George D. Horst: One man's museum comes to auction

George D. Horst set up shop on his own after a rift with the Reading Public Museum.
George D. Horst set up shop on his own after a rift with the Reading Public Museum.
Posted: March 19, 2014

George D. Horst came to America from Germany as a young man, made his fortune in the hosiery business in Reading, and then turned his attention to art.

In 1911, Horst acquired his first painting. More followed. He bought American impressionists, such as Daniel Garber, and Barbizon painters, such as Corot, many from the annual exhibitions at the Pennsylvania Academy of the Fine Arts.

Perhaps unsurprisingly, Horst became heavily involved in establishing the Reading Public Museum. By 1913, he was the museum's main donor, providing paintings and cash that helped the fledgling institution take its place in the cultural life of the city.

But a peculiar falling- out occurred. The museum needed to move, and its leaders ultimately selected a site at the edge of town, infuriating Horst, who demanded the return of his art and money.

The museum complied, and in 1926 the indignant magnate built a large building in the woods near his home to house and show his paintings and sculptures.

And there they stayed.

Now, 88 years later and 80 years after Horst's death, the intact collection is going to auction March 30 at Freeman's auction house in Philadelphia. Visitors to Freeman's Wayne outpost can view highlights of the sale through Wednesday; there will be an exhibition at Freeman's Chestnut Street gallery March 26 to 29.

"The paintings represent a slice of the American art market at a particular moment," said Scott Schweigert, the Reading museum's curator of art and civilization. "The Horst collection speaks to what was shown in Boston, New York, Philadelphia. Painters, the best painters, all wanted to be exhibited at these shows. For Horst, it was a way for him . . . to have his finger on the pulse of what was happening in American art at the moment."

The top paintings have pre-auction estimates of $200,000 to $300,000 (works by Childe Hassam, Daniel Garber, William Redfield, and Frank Weston Benson). Most of the collection, however, consists of works estimated to sell for less than $10,000, often much less.

George Sullivan, Horst's grandson, said that after Horst died, the gallery building was used for entertaining (Horst himself hosted many an evening there, too), but the building was largely closed.

"It was used occasionally for parties, and that was it," said Sullivan, 67. "Up there it sat. All those years, gathering dust."

Well, not entirely. While Freeman's is marketing the collection as "undisturbed . . . since 1929," the paintings are not unknown to scholars and curators, and the family has lent works to various institutions.

In fact, in 1996, a large number, about 40 canvases, were on display at the Reading museum as part of a big show, "Reading Collects." Hassam's The Norwegian Cottage (1909), part of the Freeman's auction, served as the postcard image advertising the show.

Even the Pennsylvania Academy, source of many Horst acquisitions, has exhibited works on loan. "Daniel Garber: Romantic Realist," a 2007 exhibition at the academy and the Michener Art Museum, featured a Horst-collection Garber, Glen Cuttalossa (1925); now it's going to auction.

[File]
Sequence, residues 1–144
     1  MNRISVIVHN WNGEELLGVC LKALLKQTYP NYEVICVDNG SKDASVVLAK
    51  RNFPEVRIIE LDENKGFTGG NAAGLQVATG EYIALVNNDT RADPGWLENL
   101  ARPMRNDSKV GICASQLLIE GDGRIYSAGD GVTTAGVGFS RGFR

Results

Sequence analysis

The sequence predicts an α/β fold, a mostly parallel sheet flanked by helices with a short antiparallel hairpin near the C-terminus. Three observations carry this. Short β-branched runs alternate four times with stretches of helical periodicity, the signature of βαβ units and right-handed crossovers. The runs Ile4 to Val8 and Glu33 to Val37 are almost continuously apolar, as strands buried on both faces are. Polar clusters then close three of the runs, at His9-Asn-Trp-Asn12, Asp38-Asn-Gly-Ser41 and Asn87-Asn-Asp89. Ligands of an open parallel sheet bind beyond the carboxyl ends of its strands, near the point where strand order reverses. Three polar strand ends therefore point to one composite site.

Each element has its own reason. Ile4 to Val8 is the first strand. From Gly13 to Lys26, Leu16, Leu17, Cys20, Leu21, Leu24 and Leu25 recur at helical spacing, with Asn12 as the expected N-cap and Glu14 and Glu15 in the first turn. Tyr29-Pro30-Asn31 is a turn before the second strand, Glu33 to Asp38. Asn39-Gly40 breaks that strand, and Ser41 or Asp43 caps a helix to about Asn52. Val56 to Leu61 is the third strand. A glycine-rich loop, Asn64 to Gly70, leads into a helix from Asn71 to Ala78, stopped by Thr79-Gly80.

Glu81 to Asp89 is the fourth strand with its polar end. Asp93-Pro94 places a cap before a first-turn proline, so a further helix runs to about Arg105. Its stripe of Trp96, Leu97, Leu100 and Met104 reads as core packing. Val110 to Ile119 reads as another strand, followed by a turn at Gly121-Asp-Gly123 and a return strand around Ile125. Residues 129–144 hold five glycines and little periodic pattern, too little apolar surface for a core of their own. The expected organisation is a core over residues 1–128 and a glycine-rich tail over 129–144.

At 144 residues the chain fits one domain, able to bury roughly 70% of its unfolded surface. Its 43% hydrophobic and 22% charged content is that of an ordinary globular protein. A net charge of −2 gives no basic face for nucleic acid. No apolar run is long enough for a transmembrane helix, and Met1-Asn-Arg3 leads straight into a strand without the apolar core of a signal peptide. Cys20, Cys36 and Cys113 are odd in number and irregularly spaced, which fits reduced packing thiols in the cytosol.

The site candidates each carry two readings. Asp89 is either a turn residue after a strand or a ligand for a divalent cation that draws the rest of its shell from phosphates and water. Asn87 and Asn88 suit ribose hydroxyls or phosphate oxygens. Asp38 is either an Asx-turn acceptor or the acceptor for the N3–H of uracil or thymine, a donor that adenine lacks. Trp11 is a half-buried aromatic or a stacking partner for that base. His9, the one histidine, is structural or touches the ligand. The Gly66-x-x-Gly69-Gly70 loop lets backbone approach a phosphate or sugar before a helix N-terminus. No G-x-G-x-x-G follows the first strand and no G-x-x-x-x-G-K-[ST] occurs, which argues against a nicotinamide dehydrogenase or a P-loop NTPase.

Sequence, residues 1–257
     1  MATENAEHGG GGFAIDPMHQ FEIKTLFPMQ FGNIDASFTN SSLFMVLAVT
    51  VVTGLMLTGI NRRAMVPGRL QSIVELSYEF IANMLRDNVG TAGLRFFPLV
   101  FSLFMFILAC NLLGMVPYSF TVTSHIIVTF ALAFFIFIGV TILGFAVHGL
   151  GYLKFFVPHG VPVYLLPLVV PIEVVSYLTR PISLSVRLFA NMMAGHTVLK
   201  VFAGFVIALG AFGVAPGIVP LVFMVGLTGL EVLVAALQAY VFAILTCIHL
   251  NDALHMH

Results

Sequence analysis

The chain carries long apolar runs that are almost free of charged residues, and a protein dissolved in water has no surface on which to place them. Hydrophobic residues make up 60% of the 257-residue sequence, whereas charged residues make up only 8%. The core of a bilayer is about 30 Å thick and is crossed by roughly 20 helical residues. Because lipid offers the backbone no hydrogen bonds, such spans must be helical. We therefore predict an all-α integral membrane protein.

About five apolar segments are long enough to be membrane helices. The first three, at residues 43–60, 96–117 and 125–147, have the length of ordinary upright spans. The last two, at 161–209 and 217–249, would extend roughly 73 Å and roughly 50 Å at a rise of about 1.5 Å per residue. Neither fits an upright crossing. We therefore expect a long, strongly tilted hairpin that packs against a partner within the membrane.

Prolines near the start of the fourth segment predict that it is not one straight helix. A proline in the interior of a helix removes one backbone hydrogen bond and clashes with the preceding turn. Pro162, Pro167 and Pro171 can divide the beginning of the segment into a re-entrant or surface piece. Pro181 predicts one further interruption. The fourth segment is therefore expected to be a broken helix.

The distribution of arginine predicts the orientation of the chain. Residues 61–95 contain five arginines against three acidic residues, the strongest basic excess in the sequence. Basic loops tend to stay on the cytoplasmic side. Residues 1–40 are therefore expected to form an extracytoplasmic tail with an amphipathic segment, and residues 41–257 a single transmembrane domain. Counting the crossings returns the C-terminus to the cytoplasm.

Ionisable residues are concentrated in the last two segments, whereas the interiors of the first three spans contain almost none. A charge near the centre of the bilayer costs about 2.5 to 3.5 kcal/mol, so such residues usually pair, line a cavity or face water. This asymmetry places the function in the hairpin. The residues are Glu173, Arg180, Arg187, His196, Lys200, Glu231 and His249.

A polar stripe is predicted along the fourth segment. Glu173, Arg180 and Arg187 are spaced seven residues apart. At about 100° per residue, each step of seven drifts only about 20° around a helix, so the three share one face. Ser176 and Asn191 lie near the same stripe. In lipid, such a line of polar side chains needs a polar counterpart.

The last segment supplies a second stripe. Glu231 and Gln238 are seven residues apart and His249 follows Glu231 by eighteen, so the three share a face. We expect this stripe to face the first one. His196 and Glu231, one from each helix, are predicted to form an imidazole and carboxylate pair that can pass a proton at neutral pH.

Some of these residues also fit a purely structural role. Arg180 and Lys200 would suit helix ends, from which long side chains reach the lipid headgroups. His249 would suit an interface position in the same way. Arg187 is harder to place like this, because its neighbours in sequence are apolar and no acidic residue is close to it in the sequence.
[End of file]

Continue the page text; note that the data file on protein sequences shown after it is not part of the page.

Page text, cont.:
Still, it is a bit extraordinary to come upon such works in an isolated building on woody farmland south of Reading.

"I've been to the property, I've seen it in situ, I was lucky enough to see it there," Schweigert said of the museum. "It is this sort of time capsule. . . . I can imagine someone walking in there, in the middle of the woods, and saying, 'What?' In the context, you don't expect it."

Apparently, Horst himself did not expect it either, but his pique got the better of him.

The Reading museum, first housed in the school district administration building downtown, quickly grew, in no small measure because of Horst's money and art. By the early 1920s, the place was full and it was clear a new building was necessary.

Horst believed a museum should be built in the city's central park - to serve as a visible emblem of Reading's cultural heft accessible to all.

Other influential civic and museum leaders believed another site was more appropriate. In 1924, while Horst was vacationing in Europe, museum leaders agreed to accept a donation of land at the far edge of town from Horst's principal business competitor.

Horst's response was quick and sharp.

He referred to the site as "swampland." He noted it was practically unreachable. He described the area as an "unsightly and ill-smelling ash dump."

"I will of course refuse to let any of my paintings go out of the city and shall make provisions to have them exhibited at some other more suitable place," he wrote the museum's founding director, Levi W. Mengel.

He then asked for the return of his art and his money. The museum returned 39 paintings, retaining 20 that had been given permanently.

Horst then built his gallery - outside town - and used it primarily for entertaining.

George Sullivan's parents also hosted dinners there.

But now Sullivan and his three sisters are selling much of the family land, including the site of the gallery, and the paintings are coming to market.

"There's an irony in Horst's saying [the art] will never leave the city," said the museum's Schweigert.

"It's sad in a way," Sullivan said. "Time marches on. We're getting old."



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